XML Path Language (or XPath) is a W3C standard that primarily allows identifying parts of an XML document. In other words, with the help of XPath, you can locate one or several nodes in the XML document. In addition, XPath is used for numerical calculations, string manipulations, testing Boolean conditions, and more. XPath is used by various other W3C specifications, such as XSLT, XQuery, XPointer, and XML Schema. Due to this, XPath technology is one of the more important things that every XML developer should know.
The Microsoft .NET Framework works with the XPath 1.0 W3C recommendation. The classes in System.Xml and System.Xml.XPath namespaces allow the execution of XPath queries and working with the result sets.
The XPath specification broadly covers the following topics:
All classes that encapsulate XPath functionality in .NET are located in the System.XML.XPath namespace. They provide the XPath parser and evaluation engine that is described in the W3C XML Path Language Version 1.0 Recommendation.
Learning the Syntax
This section discusses the most commonly used XPath syntax constructions. You can find more detailed information about each XPath technology on the Internet (for example, www.w3schools.com/xpath/xpath_syntax.asp).
The main term in XPath is the path of a node in the XML tree. A simple example of a path is companies/company/cell-phones/cell-phone (this example is based on the XML example in Listing 8.2).
An XPath query returns all the nodes that are located by a particular path and can contain wildcards in the path's definition. For example, by using the path companies/*/cell-phones in an XPath query, it would return all nodes that are located in the companies node and all children of this one. Branches in XPath can be defined by using square brackets. The following query returns all cell-phones nodes from the companies node and the child node of this one called company: companies/company[cell-phones].
In addition, you can use the equals operator in a query; for example, companies/company/cell-phones[cell-phones='Some Description']. This query returns all cell phones that have a description equal to 'Some Description'.
Notice that comparison operators can be used only inside square brackets.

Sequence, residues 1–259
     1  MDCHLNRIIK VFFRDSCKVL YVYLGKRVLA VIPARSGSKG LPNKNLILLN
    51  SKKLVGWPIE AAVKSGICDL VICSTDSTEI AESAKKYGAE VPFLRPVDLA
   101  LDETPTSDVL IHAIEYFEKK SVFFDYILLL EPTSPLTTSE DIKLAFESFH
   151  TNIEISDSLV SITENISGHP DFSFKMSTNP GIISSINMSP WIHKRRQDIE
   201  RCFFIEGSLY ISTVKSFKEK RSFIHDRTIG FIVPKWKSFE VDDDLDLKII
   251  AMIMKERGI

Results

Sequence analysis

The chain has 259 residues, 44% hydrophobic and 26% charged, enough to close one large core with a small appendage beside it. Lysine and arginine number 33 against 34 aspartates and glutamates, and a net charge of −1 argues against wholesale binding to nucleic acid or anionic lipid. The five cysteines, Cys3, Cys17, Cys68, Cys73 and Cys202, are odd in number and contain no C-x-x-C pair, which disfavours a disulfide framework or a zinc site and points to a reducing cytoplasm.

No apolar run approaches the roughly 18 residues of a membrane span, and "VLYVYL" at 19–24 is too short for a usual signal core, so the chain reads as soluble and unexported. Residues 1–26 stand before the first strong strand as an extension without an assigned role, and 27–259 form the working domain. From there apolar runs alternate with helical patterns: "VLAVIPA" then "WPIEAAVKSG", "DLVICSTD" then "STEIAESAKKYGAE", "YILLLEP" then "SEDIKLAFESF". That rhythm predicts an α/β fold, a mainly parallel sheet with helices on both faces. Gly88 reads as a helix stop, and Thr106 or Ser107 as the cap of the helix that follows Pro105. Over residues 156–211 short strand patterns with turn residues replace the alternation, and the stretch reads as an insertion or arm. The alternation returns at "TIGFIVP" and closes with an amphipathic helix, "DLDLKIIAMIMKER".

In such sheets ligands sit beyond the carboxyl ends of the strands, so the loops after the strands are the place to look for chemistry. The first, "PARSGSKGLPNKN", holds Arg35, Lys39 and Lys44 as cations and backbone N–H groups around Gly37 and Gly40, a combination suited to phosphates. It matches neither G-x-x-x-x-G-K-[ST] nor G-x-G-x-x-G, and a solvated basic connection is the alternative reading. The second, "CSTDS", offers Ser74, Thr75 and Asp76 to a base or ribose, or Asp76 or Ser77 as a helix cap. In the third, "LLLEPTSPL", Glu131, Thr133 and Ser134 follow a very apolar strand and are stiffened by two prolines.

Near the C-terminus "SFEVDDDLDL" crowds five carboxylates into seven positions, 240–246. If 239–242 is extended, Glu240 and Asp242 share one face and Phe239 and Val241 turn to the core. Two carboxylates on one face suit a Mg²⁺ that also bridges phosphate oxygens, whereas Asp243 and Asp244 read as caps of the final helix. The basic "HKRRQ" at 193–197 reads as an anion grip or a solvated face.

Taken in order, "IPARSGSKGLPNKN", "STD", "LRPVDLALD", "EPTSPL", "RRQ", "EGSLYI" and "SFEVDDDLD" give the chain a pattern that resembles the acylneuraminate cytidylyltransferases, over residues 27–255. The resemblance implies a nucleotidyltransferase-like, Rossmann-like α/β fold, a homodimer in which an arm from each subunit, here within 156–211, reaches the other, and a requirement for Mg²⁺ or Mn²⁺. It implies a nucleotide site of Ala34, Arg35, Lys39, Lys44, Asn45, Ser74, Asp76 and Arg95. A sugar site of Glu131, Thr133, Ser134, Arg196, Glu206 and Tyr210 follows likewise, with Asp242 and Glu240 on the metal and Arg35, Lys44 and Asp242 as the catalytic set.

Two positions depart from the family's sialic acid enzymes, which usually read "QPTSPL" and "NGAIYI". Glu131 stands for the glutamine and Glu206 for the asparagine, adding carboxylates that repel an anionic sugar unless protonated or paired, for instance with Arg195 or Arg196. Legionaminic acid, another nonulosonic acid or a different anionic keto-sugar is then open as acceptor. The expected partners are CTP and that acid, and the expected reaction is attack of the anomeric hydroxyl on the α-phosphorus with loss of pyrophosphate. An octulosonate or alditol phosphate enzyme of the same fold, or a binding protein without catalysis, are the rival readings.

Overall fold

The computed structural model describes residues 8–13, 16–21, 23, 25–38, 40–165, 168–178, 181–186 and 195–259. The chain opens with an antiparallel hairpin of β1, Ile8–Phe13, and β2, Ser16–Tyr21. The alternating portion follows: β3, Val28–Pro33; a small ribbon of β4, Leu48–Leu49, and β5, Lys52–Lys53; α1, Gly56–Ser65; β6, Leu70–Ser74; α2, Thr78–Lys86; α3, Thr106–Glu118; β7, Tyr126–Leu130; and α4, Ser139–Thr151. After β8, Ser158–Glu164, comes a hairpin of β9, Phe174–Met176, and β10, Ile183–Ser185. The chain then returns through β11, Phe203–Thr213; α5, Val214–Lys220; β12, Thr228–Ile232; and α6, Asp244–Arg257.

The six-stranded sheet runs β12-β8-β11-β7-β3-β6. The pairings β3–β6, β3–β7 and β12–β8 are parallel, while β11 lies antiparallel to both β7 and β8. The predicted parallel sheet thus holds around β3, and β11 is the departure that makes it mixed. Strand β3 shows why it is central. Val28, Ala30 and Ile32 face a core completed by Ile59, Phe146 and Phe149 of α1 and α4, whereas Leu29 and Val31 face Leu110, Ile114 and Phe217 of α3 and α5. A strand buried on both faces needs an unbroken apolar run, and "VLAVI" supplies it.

Attributes in the query should be defined with the @ character before the name of the attribute. The following example returns all cell phones with the name MC60: companies/company/cell-phones/cell-phone[@name='MC60'].
The following list contains all of the operators and wildcards that are predefined in XPath:
As previously described, square brackets can be used for filtering nodes: [pattern]. The pattern located inside the brackets is very similar to the SQL statement WHERE. The filter could be applied to all elements in the collection and return only nodes that correspond to it. You could apply several filters on one level of query. You are not allowed to use empty filters. Filters are always applied for the node in the current context. So, the following example returns all companies with the child node cell-phones: /companies/company[cell-phones]. Also you could use . instead of the name of the context node: /companies/company/cell-phones/cell-phone[.='Some Value'].
If the filter should return not only one element, you could use the keyword any or all. If you are not using it, the filter will return only the first element that corresponds to the filter.
Filters could contain Boolean expressions, comparison expressions, and appellation expressions. The following list contains the set of operators that can be used in filters:
The following is the order of priority for each operator:
Notice that all operators are case sensitive. This means that each operator is very similar to its meaning in SQL.